The great thing about being a granny [to Andy’s two daughters] is that you’re not responsible 24/7, so you can be much more relaxed. Are we looking at the next generation of Murray champions [she laughs]? What they are encouraged towards is entirely up to their parents. I would rather teach them how to dance than how to play tennis. I just want those girls to feel the world is an equal playing field where they can do whatever they want.
Andy is great at speaking out about women’s sport and opportunities for women generally. When a globally recognised sportsman at the top of his game speaks out on behalf of women, it has a huge impact as it’s so rare. Andy took on Amélie Mauresmo as his coach and realised early on that if things didn’t go well, it would be much harder for her because people would say it failed because she was a woman. Thankfully it raised the profile of female coaches and led to female players taking on female ex-players as coaches. I’m very proud of that.
I cannot cook. My mantra was, ‘There’s no need to cook so long as there’s a Marks & Spencer in this life.’ But a cookery course in Italy is on my list of things to do, so there’s hope for me yet. My mum is an amazing cook and baker but it never rubbed off on me. You might see me on Celebrity Bake Off one day doing it very badly. That could be a giggle.
It’s difficult when the world’s media is criticising your child. When you’re young, you don’t realise a conversation with one journalist is a conversation with the whole world. You say something that’s taken out of context. There were a number of times when Andy found himself in those situations and, yes, I wanted to thump a few people. But helping him handle certain things was a better use of my time. Rather than get angry, I tried to find a solution.
‘Pushy mum’ is a label I had for many years. Why is it ‘pushy mum’ but ‘competitive dad’? The underlying message is that a competitive dad is perfectly acceptable. Thankfully things have changed, and certainly the sporting media knows how hard I work on the grass-roots side of the game. When I got the Fed Cup captain job [in 2011] that was the first time the media recognised I was a good coach and not just Andy and Jamie’s mum.
Over the years I’ve been bashed by many opinion pieces. Boris Becker wrote a column saying Andy wouldn’t win a Grand Slam until he ditched his mum and that one hurt the most. I never retaliated. After Andy won Wimbledon I felt I could finally speak. I came face to face with Boris on Clare Balding’s chat show. Arriving at the studio I asked Clare who the other guests were and she said, ‘Just you and Boris.’ I was hoping it was Boris Johnson. I went off and had a couple of glasses of wine and then I told Becker how he’d made me feel. But he maintained he was right and never apologised.
The older I get the less I care what people think. I read an article that said the age most women find their confidence is 52. I was 52 at the time and thought, ‘That’s me!’ Now if I want to do something, I do it; and if I don’t, I don’t.
I was always self-conscious about my teeth, so I had them fixed and it’s given me back my smile. If you see something that needs fixing, sort it yourself. Don’t wait for someone to fix it for you. It’s a good rule to live by – whether it’s the tennis system in Scotland or your teeth.
When I look in the mirror I feel good about myself. Far more than I did 20 years ago. Confidence comes from maturity and experience of life. As you age, you start to lose friends and that’s when you think, ‘I don’t know how much longer I’ve got left. I’m going to max out and enjoy myself.’ So eat the pudding! Go places. Do things. Spend money on yourself.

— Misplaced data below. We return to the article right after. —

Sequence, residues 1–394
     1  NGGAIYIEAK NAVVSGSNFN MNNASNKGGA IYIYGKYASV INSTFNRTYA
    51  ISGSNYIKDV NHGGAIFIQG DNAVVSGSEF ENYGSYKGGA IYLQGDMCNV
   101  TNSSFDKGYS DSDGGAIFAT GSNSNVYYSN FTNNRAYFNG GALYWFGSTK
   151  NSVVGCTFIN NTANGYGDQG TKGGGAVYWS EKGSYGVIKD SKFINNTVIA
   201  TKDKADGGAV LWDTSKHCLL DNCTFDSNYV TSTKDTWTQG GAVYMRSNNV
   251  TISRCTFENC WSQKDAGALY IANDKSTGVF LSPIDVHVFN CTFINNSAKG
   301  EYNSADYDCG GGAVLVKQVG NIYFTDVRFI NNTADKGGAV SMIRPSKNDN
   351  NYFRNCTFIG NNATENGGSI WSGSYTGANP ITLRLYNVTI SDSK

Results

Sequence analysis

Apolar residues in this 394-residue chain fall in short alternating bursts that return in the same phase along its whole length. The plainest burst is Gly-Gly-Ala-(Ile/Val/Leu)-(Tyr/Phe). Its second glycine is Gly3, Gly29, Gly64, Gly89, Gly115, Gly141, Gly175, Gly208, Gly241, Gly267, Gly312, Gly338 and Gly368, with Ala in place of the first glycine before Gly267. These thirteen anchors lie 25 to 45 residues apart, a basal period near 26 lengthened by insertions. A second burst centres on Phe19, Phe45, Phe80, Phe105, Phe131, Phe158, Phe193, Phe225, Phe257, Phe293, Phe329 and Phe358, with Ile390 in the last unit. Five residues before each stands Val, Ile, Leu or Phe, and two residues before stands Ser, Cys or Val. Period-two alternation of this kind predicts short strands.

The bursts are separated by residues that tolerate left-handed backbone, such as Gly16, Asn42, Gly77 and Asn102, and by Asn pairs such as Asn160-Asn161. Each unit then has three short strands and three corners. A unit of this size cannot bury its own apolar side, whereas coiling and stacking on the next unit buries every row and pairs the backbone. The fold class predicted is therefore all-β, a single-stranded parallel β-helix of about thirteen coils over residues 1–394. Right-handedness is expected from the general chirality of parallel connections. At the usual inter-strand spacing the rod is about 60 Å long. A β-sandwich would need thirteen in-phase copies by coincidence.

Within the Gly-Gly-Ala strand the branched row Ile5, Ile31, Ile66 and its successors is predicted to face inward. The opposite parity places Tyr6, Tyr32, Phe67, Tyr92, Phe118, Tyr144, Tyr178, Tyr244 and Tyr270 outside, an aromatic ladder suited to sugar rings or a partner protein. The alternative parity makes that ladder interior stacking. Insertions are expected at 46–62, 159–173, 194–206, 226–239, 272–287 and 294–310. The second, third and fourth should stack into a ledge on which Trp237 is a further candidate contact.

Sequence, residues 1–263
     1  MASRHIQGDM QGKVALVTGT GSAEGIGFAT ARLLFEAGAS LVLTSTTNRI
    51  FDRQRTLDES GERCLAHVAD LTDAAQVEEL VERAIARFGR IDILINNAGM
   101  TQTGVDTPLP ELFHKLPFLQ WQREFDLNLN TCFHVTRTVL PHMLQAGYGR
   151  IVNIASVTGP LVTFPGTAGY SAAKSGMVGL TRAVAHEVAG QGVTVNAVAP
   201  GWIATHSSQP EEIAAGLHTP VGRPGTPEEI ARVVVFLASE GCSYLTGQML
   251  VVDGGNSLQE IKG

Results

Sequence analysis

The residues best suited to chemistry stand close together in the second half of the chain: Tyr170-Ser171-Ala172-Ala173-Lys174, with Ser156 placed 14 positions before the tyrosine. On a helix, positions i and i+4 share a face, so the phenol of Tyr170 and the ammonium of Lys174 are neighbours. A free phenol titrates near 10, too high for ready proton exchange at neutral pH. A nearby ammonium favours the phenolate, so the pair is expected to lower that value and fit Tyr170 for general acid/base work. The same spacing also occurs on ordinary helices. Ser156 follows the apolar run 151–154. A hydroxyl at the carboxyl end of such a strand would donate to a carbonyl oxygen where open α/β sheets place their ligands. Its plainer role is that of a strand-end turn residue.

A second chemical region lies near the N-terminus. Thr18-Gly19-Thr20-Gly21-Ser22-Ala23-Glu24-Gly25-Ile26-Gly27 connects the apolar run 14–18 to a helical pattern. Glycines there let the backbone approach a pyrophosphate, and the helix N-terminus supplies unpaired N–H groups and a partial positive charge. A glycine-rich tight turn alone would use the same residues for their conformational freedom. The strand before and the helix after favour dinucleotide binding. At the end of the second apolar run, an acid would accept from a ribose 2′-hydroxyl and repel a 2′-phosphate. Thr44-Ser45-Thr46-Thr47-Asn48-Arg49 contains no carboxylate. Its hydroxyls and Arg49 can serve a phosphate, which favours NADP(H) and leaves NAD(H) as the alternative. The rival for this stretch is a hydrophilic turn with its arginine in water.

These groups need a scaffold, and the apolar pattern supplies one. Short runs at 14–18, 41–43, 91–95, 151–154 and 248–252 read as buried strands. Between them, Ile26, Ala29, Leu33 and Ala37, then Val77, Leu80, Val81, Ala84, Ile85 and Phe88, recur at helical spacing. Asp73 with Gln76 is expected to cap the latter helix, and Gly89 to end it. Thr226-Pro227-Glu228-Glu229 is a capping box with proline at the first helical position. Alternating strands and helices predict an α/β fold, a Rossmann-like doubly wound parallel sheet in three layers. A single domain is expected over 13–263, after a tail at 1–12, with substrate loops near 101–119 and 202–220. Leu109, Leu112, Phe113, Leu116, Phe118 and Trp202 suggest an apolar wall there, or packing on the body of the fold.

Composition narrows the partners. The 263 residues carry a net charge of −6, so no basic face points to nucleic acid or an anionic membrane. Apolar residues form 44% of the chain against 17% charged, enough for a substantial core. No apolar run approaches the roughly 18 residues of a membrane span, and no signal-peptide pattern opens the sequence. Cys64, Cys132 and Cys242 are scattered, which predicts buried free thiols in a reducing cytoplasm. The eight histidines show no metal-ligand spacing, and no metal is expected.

Would I like to come home to someone? That would be nice. As for what I’m looking for [in a man]? A nice pastry chef with a good sense of humour and great choux buns. I’ve got friends who’ve tried internet dating but I could never go near Tinder. No chance. If I was to meet someone, I would need to be set up, but no one ever tries. I find it hard to trust new people because you never quite know their agenda, so that makes meeting someone difficult for me.
Judy’s morning routine
The alarm goes off at 7am but I’m usually awake before it rings. I make myself a cup of builder’s tea, then check the news on my phone. I’m not really a breakfast person unless someone else has made it for me. I like to go over to the country club at the Gleneagles Hotel near where I live and have smashed avocado on toast with a poached egg and a rasher of streaky bacon, plus fresh juice or a smoothie. I’ll do a workout in the gym – a little bit on the treadmill, but not for long because I find it boring, then the stationary bike because I can read the paper at the same time. Afterwards I’ll have a steam and a shower before jumping on a real bike to cycle around the nearby hills and golf course before meeting an old friend for lunch.
Just for Judy
ON YOUR BEDSIDE TABLE Splinter the Silence by Val McDermid. It’s a psychological thriller; that’s the sort of thing I like to read. Oh, and dental floss.
LAST TIME YOU CRIED When I heard about the most recent school shooting [in Florida].
PERFECT SATURDAY NIGHT Going to a musical. I really want to see Hamilton but it’s so hard to get tickets.
FAVOURITE CITY Melbourne. It’s a very sporty, relaxed city with a great café culture, lots of lovely lanes to explore and it’s easy to get around. And whenever I’m there for the Australian Open the weather is great.
DESCRIBE YOURSELF IN THREE WORDS Determined, impatient, funny.
DREAM DINNER GUESTS Anton Du Beke, no question. He’s so much fun. Prince Philip because I’d quite like to grill him – The Crown is on my list of things to watch. And Samantha Jones, Kim Cattrall’s character from Sex and the City. She would get me a pastry chef who makes good choux buns.
CELEBRITY CRUSH That’s easy. George Clooney. Every time.
WHEN YOU LOOK IN THE MIRROR, WHAT DO YOU SEE? Wrinkles!
WHO WOULD PLAY YOU IN A FILM OF YOUR LIFE Jamie Lee Curtis. I’ve been likened to her, and I love A Fish Called Wanda.
Interview by James Conrad Williams